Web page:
Charley, a travel agent, finds himself in a situation where he has to humor an apparent lunatic.





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Cast overview:
Mr. Chase
Jackie (as Jacqueline Wells)
Gertrude Henderson, Jackie's Mother
Dell Henderson ...
Delbert Henderson, Jackie's Father (as Del Henderson)


Charley, a travel agent, finds himself in a situation where he has to humor an apparent lunatic.

Plot Summary | Add Synopsis


Comedy | Short





Release Date:

23 April 1932 (USA)  »

Company Credits

Production Co:

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Technical Specs


Sound Mix:

(Western Electric Sound System)

Aspect Ratio:

1.37 : 1
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Did You Know?


Aren't You the Girl
Written by Charley Chase
Performed by Charley Chase and Dell Henderson
See more »

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User Reviews

Crazy not to like it?
17 December 2009 | by (United States) – See all my reviews

In his earlier short "Crazy Like a Fox" (and its later remake "The Wrong Miss Wright), Charley Chase pretends to be insane in order to get out of an arranged marriage. Here, Charley plays an innocent travel agency employee who has to deal with a husband who is playing that same trick to keep his wife and daughter from going to Bermuda without him. It's not as huge a success as those other two shorts or as unified, but it still has plenty of laughs.

While Chase ends up in his usual number of humiliating and bizarre situations, this is somewhat unusual among his comedies in that he doesn't do anything but show up to precipitate them, and the real protagonist is the father that Dell Henderson plays. Hence, I suppose, the title. Henderson is fine and a funny sight prancing around in his absurd robe, but Charley is better. I think he's especially good in his character work here, combining his "nance" persona with slow-building frustration on an Edgar Kennedy level and the smooth talk of a salesman.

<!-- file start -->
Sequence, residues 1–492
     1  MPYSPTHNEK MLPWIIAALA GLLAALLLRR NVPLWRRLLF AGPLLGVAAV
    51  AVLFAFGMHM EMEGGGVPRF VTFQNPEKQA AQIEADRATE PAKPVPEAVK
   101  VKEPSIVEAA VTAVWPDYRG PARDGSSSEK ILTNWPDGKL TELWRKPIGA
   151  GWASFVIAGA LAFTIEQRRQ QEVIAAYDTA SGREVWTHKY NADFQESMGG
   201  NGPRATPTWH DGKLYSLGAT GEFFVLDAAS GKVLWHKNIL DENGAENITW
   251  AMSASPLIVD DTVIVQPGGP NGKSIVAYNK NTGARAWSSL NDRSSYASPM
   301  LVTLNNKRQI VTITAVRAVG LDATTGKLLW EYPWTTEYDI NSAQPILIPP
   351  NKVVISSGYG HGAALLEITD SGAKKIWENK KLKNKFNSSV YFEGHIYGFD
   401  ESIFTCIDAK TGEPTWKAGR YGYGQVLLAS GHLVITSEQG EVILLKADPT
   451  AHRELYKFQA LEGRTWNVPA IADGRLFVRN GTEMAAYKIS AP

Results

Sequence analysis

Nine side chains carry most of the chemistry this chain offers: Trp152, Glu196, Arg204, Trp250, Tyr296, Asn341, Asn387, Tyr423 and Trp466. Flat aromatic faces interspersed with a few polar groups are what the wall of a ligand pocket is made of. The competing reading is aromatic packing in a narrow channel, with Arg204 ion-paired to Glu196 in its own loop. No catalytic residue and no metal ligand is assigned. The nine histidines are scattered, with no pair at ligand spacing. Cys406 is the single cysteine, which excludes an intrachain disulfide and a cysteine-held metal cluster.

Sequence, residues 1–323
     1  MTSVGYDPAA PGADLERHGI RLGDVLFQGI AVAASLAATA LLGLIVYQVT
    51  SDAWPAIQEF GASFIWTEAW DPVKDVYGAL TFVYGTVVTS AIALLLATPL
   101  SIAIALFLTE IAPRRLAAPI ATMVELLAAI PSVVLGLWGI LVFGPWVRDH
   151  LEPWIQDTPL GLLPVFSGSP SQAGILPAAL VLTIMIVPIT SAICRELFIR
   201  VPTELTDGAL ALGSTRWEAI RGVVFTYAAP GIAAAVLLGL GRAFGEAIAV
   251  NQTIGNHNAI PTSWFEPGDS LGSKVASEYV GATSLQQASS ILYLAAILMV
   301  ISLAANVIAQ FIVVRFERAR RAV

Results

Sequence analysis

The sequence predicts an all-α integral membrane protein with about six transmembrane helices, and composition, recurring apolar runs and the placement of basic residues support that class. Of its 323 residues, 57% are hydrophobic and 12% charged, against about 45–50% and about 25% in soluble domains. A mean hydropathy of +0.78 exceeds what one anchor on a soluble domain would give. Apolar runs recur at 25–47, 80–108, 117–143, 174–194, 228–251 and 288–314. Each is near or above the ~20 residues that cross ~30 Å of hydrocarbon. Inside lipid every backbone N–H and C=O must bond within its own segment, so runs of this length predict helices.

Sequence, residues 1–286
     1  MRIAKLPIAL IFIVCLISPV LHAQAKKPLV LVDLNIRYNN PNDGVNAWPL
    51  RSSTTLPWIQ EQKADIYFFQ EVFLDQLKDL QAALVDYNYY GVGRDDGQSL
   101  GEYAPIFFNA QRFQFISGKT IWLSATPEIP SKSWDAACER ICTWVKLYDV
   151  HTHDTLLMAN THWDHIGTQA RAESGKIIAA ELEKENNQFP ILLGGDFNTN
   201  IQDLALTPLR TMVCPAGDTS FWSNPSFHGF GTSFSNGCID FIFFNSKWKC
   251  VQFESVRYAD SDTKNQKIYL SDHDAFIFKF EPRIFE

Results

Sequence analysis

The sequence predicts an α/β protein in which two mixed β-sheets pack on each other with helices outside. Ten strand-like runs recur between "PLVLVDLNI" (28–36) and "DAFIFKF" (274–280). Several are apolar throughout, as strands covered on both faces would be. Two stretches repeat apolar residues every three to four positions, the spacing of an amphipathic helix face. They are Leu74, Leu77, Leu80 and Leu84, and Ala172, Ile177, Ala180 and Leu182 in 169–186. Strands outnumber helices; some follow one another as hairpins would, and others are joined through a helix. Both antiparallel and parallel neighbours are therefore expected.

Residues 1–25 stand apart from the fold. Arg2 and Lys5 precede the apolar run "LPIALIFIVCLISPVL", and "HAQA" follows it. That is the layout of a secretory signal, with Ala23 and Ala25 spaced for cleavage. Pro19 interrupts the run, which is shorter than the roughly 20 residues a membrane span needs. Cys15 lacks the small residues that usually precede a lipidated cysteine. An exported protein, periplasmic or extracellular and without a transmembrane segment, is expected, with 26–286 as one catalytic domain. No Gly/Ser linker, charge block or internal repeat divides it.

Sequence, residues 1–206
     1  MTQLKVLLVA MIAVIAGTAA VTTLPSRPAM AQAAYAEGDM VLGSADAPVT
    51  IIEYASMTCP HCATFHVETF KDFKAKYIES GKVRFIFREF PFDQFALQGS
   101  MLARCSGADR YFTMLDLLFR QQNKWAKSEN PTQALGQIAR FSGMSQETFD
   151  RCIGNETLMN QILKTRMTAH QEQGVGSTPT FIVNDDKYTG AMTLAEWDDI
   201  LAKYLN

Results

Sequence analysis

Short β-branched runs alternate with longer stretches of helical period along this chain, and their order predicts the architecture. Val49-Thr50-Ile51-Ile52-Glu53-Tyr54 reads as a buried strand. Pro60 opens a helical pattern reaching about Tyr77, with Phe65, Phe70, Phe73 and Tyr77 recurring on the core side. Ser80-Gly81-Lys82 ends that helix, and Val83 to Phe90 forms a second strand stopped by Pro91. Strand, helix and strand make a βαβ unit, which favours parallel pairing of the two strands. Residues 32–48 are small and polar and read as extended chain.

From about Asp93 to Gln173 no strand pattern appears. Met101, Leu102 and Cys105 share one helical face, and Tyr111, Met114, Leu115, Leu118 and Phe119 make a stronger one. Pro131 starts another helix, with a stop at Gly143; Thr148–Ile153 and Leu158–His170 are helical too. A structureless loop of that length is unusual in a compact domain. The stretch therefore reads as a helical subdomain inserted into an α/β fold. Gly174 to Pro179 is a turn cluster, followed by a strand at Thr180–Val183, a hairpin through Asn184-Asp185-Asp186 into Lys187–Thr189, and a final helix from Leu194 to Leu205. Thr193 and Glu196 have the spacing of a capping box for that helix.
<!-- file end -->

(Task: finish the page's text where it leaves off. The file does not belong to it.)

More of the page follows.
They have a great bit together in which they each try to get the other to taste a spoonful of olive oil first, and when it turns out to be soap by mistake (I don't know why this family keeps olive oil in the bathroom), there is an opportunity for an amusing scene using some charming early animation on film. Billy Gilbert has a small supporting role, which is nice, and it almost seems strange to hear him speak in his natural American accent. It also includes perhaps the weirdest musical number of any Charley Chase short.

The ending feels a little tacked on but is fun nonetheless, and one very odd shot seems to suggest bestiality. A very funny entry overall, even if Chase did the "faking crazy" story even better on a couple of occasions.

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